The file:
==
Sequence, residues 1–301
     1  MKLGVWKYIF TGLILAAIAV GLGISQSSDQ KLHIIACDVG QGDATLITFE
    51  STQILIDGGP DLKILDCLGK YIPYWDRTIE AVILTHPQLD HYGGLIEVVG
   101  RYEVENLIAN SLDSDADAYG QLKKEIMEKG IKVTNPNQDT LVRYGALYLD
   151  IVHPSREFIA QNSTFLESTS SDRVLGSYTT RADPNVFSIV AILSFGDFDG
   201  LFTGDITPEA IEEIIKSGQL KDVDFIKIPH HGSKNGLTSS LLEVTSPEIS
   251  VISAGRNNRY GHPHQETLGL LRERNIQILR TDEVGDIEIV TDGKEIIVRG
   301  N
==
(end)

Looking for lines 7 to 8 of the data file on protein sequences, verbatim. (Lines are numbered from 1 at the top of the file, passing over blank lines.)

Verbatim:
   251  VISAGRNNRY GHPHQETLGL LRERNIQILR TDEVGDIEIV TDGKEIIVRG
   301  N